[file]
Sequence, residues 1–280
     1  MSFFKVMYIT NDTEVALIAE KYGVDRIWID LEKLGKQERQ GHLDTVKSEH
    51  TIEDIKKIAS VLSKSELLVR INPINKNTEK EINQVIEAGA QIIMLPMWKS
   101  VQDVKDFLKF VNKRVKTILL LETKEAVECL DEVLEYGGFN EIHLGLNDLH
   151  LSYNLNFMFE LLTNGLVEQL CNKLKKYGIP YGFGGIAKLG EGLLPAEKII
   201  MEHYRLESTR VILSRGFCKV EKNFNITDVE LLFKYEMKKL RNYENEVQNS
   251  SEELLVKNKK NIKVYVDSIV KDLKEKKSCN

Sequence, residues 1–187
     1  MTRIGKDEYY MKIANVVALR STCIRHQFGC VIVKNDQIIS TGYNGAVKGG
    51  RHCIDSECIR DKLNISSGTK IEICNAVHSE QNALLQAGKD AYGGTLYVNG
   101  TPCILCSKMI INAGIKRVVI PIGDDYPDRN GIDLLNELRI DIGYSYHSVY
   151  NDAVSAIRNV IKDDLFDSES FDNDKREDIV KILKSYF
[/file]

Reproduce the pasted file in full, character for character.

Sequence, residues 1–280
     1  MSFFKVMYIT NDTEVALIAE KYGVDRIWID LEKLGKQERQ GHLDTVKSEH
    51  TIEDIKKIAS VLSKSELLVR INPINKNTEK EINQVIEAGA QIIMLPMWKS
   101  VQDVKDFLKF VNKRVKTILL LETKEAVECL DEVLEYGGFN EIHLGLNDLH
   151  LSYNLNFMFE LLTNGLVEQL CNKLKKYGIP YGFGGIAKLG EGLLPAEKII
   201  MEHYRLESTR VILSRGFCKV EKNFNITDVE LLFKYEMKKL RNYENEVQNS
   251  SEELLVKNKK NIKVYVDSIV KDLKEKKSCN

Sequence, residues 1–187
     1  MTRIGKDEYY MKIANVVALR STCIRHQFGC VIVKNDQIIS TGYNGAVKGG
    51  RHCIDSECIR DKLNISSGTK IEICNAVHSE QNALLQAGKD AYGGTLYVNG
   101  TPCILCSKMI INAGIKRVVI PIGDDYPDRN GIDLLNELRI DIGYSYHSVY
   151  NDAVSAIRNV IKDDLFDSES FDNDKREDIV KILKSYF